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In the engineering world, there is increasing pressure to be a specialist, especially in technical roles. Does this intense focus on specialisation work against us, however, when we consider the wider requirements of the business? How can we bring added value to specialist roles, such as PCB layout designer or SMT machine programmer, which are key elements of the wider production introduction team, without getting distracted from specific objectives?
Software tools help us focus excellence in a specific role, but software must now add more benefit from team environments, even when derived from a widely spread collaborative flow, and bring a step change improvement in performance without the cost of distraction from our specialist operations.
As technology continues to evolve, there is always more to learn, whether it is how to better design a PCB or how to better prepare programs for SMT machines. These are not new tasks, but people performing them are continuously pushed to achieve greater efficiencies and performance. What often happens is that we end up with certain roles that are very specialized in focus, experience, and outlook. Software tools have grown up around these kinds of roles, providing added value, guidance and management, and in effect, promoting the specialisation itself. The issue, then, is how to effectively connect these specialist roles into a team or collaborative flow. Can we afford to distract people from their core strengths by asking them to acquire some level of expertise in areas that are related to their tasks, but outside of their direct role? How can we optimise teamwork as part of a flow without losing our focus on individual key goals?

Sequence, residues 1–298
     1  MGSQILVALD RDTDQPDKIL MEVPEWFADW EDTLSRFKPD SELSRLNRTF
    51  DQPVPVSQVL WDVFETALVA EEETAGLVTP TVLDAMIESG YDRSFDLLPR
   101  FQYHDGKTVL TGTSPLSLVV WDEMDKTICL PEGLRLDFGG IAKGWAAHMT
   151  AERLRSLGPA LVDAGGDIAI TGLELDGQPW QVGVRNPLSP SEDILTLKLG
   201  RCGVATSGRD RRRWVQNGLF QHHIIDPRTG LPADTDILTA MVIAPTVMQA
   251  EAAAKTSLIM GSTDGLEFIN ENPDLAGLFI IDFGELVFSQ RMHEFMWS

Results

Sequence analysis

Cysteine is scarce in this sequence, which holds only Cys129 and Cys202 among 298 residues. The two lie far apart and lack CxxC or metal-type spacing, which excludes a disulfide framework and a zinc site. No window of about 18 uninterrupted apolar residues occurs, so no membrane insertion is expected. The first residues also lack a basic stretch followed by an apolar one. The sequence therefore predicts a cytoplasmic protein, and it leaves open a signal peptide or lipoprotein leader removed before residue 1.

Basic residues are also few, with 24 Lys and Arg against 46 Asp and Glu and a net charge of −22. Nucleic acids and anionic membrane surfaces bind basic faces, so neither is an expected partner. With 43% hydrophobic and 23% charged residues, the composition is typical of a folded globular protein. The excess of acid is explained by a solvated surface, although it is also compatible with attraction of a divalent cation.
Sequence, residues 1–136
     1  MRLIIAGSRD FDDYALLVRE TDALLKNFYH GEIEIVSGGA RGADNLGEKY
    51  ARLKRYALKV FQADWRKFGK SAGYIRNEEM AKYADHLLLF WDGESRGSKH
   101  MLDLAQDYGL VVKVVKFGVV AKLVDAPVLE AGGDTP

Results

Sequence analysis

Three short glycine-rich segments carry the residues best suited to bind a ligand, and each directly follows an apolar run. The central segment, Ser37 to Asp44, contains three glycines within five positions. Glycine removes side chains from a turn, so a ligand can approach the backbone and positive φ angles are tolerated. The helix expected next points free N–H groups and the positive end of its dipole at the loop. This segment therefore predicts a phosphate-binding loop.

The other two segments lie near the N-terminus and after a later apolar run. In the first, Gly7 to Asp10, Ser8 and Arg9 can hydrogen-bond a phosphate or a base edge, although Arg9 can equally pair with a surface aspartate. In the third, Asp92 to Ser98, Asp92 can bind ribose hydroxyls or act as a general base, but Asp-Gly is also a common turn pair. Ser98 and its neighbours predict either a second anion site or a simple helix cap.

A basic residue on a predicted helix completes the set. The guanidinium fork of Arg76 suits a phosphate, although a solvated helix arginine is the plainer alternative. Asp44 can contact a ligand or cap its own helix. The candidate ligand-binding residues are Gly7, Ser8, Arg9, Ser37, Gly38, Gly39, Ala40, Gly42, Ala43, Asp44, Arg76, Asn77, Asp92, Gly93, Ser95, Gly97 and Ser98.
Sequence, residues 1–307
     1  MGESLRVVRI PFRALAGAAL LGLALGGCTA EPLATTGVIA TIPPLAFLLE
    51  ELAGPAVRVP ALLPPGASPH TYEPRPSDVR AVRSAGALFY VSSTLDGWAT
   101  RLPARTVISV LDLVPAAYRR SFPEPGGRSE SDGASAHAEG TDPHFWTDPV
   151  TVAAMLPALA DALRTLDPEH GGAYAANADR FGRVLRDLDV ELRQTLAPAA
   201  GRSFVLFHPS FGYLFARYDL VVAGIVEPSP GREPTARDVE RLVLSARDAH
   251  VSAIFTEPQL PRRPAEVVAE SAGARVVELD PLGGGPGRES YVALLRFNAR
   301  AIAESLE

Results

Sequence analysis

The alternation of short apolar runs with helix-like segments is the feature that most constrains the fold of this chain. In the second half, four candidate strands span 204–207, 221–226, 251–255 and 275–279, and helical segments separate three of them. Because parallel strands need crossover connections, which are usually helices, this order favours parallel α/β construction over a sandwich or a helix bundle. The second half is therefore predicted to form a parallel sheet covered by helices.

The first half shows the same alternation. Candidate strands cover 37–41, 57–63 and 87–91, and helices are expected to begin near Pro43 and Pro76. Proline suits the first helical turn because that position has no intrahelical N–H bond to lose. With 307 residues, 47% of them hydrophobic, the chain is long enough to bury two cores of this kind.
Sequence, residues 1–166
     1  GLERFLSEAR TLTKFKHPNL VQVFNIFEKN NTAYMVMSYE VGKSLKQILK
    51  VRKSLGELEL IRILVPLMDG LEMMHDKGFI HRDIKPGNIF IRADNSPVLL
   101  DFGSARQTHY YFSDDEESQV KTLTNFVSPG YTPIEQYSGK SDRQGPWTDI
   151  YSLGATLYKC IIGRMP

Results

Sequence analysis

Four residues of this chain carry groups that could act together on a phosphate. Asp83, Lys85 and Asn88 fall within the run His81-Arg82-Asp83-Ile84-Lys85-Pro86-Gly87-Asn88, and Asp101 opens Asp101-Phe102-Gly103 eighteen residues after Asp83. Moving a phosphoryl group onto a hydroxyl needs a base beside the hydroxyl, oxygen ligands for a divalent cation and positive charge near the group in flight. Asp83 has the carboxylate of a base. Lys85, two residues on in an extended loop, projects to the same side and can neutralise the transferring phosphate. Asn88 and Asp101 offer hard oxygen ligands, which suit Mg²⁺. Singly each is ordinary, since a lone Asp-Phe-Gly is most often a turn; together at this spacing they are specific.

Let’s take, for example, the PCB layout designer, a specialist on the design team who uses software to create PCB layouts. This role involves the use of specialised skills and experience, taking physical and electrical requirements from the schematic diagrams and laying out circuits on a PCB. Several cycles of PCB prototypes may be needed during the design phase to correct issues from the electrical design, the physical form and fit of a PCB into a product, and mistakes in the layout itself. Specialist design tools provide support in these areas, enabling the skills of the layout designer to be maximised.
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Editor's Note: This column originally appeared in the April 2014 issue of SMT Magazine.